If you’re ready to do some family tree DNA testing, this is the place to start.
I explain the steps. I also provide helpful tips and include links to the key web sites.
As long as you understand the basics explained on this site, the whole process is remarkably easy.
STEP 1. CHOOSE A TEST TYPE
I suggest males (and females who have an appropriate male relative to test) begin with the Y-DNA test. My second choice for family tree DNA testing is the autosomal DNA test and my third choice is the mitochondrial (mtDNA) test. Both males and females can take the autosomal and mtDNA tests.
These three test types are the primary tools of family tree DNA testing. You can save time and money by ordering various combinations at the same time.
STEP 2. CHOOSE A TEST COMPANY
The International Society of Genetic Genealogy maintains a Y-DNA Testing Comparison Chart and an mtDNA Testing Comparison Chart. Be sure to check the date on each table to see how recently the data has been updated.
To compare the first autosomal DNA tests see my Autosomal DNA Comparison page.
[NOTE: My links to other sites open in new windows. If they don’t work, check your popup blocker.]
STEP 3: PLACE YOUR ORDER
For Y-DNA testing you need to pick how many markers to test. Additional markers increase the resolution of your test results—but at a higher cost. For most people 37 or 67 markers is a good choice. You can upgrade to more markers later, if needed.
For mtDNA testing you can test just the HVR1 and HVR2 regions to determine your maternal haplotype. If you’re hoping to find a match for genealogy purposes, you should order the full sequence mitochondrial test, which is only offered by Family Tree DNA.
STEP 4: COLLECT YOUR DNA SAMPLE
Once you have placed your order for any kind of family tree DNA testing, the lab will send you a home DNA test kit. FTDNA and MyHeritage use a DNA swab to collect cells from inside your cheek. Other labs use a tube for collecting saliva. Either way it’s easy and painless. But follow the directions carefully to ensure a good sample. You can get a replacement kit, if you need a re-test. But you will lose weeks of time in the process.
At Family Tree DNA be sure to sign the release form that lets the lab notify all parties of match names and email addresses whenever you match people in their database. Other companies will force you to request contact through their internal system.
STEP 5: REVIEW YOUR RESULTS
When your test results are ready, the lab will notify you and explain how you can view your personal results and matches online. Read all the background information provided by mail and online. This will help you interpret your results.
Y-DNA test: Matches on 12 markers don’t mean much. But if you and someone with the same surname match closely at higher marker levels, you probably share a common ancestor in your paternal lines.
Near-perfect matches with different surnames MAY indicate a name change somewhere in one line or the other, possibly due to an adoption or other “non-paternity event.”
Autosomal DNA test: The results will tell you about how far back the common ancestor lived. If needed, testing more people can narrow your search.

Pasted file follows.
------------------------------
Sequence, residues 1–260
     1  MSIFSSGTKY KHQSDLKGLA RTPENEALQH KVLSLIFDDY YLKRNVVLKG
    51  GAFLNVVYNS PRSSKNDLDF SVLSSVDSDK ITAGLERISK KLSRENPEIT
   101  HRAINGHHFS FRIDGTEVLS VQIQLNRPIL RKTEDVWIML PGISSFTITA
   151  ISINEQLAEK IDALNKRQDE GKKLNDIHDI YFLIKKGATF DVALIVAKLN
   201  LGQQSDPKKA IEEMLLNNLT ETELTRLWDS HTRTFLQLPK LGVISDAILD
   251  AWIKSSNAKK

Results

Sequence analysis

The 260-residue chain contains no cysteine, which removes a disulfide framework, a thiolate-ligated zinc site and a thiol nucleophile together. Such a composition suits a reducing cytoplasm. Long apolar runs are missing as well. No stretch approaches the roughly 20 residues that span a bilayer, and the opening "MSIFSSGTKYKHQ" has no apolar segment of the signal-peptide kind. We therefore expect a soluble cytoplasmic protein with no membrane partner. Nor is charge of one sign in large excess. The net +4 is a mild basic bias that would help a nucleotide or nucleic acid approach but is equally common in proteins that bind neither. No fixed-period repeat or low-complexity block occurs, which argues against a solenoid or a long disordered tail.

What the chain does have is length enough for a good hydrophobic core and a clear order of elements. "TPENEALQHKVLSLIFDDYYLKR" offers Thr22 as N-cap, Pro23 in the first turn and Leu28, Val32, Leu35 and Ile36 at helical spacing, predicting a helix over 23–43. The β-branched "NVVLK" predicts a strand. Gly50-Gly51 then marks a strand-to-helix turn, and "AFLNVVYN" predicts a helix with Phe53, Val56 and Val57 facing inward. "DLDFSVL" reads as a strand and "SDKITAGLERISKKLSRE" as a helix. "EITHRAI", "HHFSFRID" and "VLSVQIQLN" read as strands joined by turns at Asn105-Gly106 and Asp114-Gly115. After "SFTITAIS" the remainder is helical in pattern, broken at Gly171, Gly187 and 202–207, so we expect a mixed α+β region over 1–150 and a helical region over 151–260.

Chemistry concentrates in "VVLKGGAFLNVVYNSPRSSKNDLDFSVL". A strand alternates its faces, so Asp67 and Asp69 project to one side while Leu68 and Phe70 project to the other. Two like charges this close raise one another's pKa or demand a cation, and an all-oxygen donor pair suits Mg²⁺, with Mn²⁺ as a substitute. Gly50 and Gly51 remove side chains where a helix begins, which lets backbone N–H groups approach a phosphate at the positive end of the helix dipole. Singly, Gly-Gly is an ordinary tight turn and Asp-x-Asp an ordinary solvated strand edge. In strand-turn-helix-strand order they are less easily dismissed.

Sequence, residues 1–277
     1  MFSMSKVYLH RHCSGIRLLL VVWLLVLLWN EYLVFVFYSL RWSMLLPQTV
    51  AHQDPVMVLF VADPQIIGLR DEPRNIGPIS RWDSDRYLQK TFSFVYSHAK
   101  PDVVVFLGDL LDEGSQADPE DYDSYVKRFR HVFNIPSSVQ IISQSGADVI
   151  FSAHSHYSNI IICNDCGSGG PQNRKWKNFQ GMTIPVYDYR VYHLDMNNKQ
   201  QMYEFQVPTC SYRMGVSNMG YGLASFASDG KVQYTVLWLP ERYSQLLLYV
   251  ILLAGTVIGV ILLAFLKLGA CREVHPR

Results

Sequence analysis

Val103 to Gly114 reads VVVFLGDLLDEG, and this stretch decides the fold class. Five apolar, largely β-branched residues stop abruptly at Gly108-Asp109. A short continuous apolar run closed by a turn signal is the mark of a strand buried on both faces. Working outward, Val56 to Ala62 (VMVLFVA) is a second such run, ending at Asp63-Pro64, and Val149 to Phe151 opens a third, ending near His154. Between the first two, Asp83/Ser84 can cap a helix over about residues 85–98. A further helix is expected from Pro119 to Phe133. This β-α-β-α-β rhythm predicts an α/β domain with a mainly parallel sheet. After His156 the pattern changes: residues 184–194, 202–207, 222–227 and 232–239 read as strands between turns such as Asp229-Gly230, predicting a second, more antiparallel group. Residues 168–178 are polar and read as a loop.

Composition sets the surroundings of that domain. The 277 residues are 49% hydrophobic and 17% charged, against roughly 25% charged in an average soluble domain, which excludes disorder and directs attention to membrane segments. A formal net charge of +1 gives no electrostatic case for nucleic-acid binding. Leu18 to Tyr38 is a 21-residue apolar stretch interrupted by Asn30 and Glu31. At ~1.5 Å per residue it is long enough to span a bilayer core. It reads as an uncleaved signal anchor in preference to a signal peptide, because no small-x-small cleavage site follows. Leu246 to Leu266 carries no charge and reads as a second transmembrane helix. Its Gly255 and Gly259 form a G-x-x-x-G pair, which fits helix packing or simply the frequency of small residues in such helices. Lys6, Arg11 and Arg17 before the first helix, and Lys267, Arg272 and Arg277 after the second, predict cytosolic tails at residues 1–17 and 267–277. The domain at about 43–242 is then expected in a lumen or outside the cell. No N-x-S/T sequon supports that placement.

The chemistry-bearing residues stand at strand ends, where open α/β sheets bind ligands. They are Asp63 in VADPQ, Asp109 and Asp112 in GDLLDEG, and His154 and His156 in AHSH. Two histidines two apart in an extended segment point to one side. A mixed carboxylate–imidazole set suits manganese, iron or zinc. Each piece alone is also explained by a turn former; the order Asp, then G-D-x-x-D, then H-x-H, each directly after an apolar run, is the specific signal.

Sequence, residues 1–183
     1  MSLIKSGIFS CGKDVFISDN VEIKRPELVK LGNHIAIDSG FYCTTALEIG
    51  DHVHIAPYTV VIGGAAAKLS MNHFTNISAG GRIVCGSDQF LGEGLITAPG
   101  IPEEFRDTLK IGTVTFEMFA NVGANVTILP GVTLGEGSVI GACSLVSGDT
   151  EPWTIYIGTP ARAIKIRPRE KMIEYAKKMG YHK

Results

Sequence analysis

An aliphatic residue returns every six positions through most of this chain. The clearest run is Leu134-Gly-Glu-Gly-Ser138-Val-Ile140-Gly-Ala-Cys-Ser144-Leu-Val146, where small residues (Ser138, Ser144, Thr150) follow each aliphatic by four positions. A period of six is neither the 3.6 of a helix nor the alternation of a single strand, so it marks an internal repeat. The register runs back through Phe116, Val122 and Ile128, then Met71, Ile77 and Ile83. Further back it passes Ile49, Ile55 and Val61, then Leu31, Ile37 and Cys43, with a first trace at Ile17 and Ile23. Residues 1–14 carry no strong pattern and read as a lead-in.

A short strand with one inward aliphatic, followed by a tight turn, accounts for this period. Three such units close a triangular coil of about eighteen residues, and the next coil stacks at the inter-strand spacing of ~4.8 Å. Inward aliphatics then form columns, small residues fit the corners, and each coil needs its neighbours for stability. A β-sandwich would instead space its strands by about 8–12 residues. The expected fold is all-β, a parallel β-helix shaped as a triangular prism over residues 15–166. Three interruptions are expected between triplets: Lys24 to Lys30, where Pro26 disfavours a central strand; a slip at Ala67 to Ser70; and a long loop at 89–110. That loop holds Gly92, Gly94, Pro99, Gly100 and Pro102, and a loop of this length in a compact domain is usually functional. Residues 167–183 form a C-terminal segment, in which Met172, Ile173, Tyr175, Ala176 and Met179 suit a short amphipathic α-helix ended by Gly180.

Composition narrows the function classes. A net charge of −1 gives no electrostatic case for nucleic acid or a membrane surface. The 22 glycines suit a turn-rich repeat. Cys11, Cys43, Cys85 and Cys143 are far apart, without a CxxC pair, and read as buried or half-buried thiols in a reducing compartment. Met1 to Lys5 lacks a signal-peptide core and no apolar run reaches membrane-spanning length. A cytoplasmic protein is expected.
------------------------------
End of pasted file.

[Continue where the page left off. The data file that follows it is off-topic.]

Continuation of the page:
mtDNA test: High resolution matches from the full sequence test suggest a common ancestor somewhere in your maternal lines. Low resolution matches (HVR1 and HVR2 only) can result from a common ancestor living thousands of years ago and are unlikely to help with genealogy research.
Your family tree DNA testing results will also place you in a particular Y-DNA and/or mtDNA haplogroup. There may or may not be enough information to place you in a particular subclade of a haplogroup. Additional tests are available to resolve your haplogroup position more precisely. But that’s an advanced topic beyond the scope of this page.
STEP 6: EXPLORE YOUR MATCHES
Hopefully, you will discover some close matches. I have had great success contacting genetic cousins through Family Tree DNA and somewhat lesser but still useful success at others. Together, you and your cousins may be able to find the paper trail that connects you through a specific common ancestor.
Y-DNA data and genealogy routinely meet in the DNA Surname Projects. If you belong to one, your group administrator may ask you for genealogical data on your paternal line back to the earliest known ancestor.
Many projects have web sites that organize and display their data. They place members with similar DNA profiles into clusters that appear to have common ancestors. Then they help you mine the genealogical data of that cluster to make real world connections.
To ensure some degree of privacy most groups only identify members by test kit numbers and do not publish genealogical data on people who are still living.
STEP 7: SHARE YOUR DATA
What if your DNA matches someone who used a different testing company? That rarely happens anymore for Y-DNA and mitochondrial DNA testing.
For autosomal DNA testing the third-party site to compare matches is GEDmatch.
STEP 8: KEEP LEARNING ABOUT FAMILY TREE DNA TESTING
Family tree DNA testing is part of a new and dynamic field. Already, there are many supplemental tests you can order from your original DNA sample.
Hundreds of non-scientists are taking these tests, sharing their results, and contributing to the knowledge base. You can be part of this; but you need to keep learning. Here are some resources:
1. DNA Testing Adviser. My successful use of DNA testing in Adoption Search inspired me to create this web site. Read the rest of this site now, bookmark it, and come back later for additional content.
2. ISOGG. The International Society of Genetic Genealogy promotes the use of DNA in genealogy. Membership is free and their web site includes everything from basic information for beginners to advanced tools for experts. Members can participate in their DNA-NEWBIE mailing list. There is also an ISOGG Wiki where you can look up information on any DNA testing subject.